When Marissa Mayer stated, “Since my pregnancy has been healthy and uncomplicated and since this is a unique time in Yahoo’s transformation, I plan to approach the pregnancy and delivery as I did with my son three years ago, taking limited time away and working throughout,”2 it made a bold statement about healthy pregnancies and time off: if you have an uncomplicated, healthy pregnancy, you shouldn’t need much of a maternity leave. That is in fact not true.
Studies have shown that there is a direct connection between cases of postpartum depression, increased stress, both personal and family stress, and poor health in women who worked full time with infants as young as 3 months old.3 Maternity leave is more than taking time off work. It is a time for mothers and infants to make important emotional connections and for mothers’ bodies to heal after birth. The National Bureau of Economic Research shared a 2004 study by Pinka Chatterji and Sara Markowitz that explored the possible parallel between mothers who return to work later and better mental and physical health. Here’s what they found: “returning to work later is associated with a reduction in the CES-D scale. This means that mothers who return to work later are reporting fewer symptoms of depression, such as "my sleep was restless" or "I could not get going," or are experiencing such symptoms with less frequency or both.”4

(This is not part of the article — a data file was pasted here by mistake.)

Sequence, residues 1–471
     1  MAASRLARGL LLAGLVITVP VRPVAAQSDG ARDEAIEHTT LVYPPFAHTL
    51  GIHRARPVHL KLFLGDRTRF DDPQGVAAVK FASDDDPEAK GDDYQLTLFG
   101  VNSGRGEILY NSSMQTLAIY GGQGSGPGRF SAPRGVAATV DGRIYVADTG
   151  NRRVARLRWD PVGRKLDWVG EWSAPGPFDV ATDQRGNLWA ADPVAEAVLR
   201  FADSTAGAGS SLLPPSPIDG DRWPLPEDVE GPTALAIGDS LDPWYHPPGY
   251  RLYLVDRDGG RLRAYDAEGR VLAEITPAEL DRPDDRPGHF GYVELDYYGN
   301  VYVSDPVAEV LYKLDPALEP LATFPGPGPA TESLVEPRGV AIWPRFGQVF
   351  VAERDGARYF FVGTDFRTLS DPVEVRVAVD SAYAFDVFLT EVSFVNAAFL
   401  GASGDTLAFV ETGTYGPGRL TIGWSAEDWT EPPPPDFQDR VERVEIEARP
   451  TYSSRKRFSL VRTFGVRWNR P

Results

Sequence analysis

It goes without saying that a healthier, happier mother has a positive impact on her baby’s development. More articles and studies are showing the desperately low amount of maternity leave in the United States compared to virtually every other industrialized country in the world, where “the median amount of fully-paid time off available to a mom for the birth of a child is about five-to-six months…[and] the median amount of protected leave for new mothers among [38 Nations] is about 13 months”5. In the US the amount of protected leave – unpaid – is a mere 12 weeks. The obvious question is…why?
THE ECONOMIC VALUE OF PAID LEAVE
One of the main reasons most companies in the US haven’t tripped over themselves to offer new mothers – or fathers – a paid maternity/paternity leave comparable to other industrialized countries, is the misconception that it will cost too much. According to a recent article in The New York Times, The Economic Benefits of Paid Parental Leave, the three states that actually offer paid parental leave saw no negative results. In fact “89 percent to 99 percent of employers say it has had no effect or a positive one on productivity, profitability, turnover and morale.”6 These results came from a report7 by economists Eileen Appelbaum and Ruth Milkman at the Center for Economic and Policy Research who looked at the benefits of paid leave in California, and also concluded that “Eighty-seven percent [of businesses] say [paid family leave] has not increased costs. Nine percent say they saved money, because of decreased turnover or benefit payments.”6
Paid maternity leave also addresses a larger social and racial issue: in a country where unpaid maternity leave is the only option, it is an option only available to a specific demographic that can afford it. Mothers from lower-income families may have the opportunity to take unpaid maternity leave, but they don’t have the option to take it when it means they are unable to provide vital financial support for their family. Currently in the US, “a record 40 percent of all households with children under the age of 18 include mothers who are either the sole or primary source of income for the family.”8 The result is a disparity between the notion of equal rights and the reality of those rights, for all new mothers in the United States.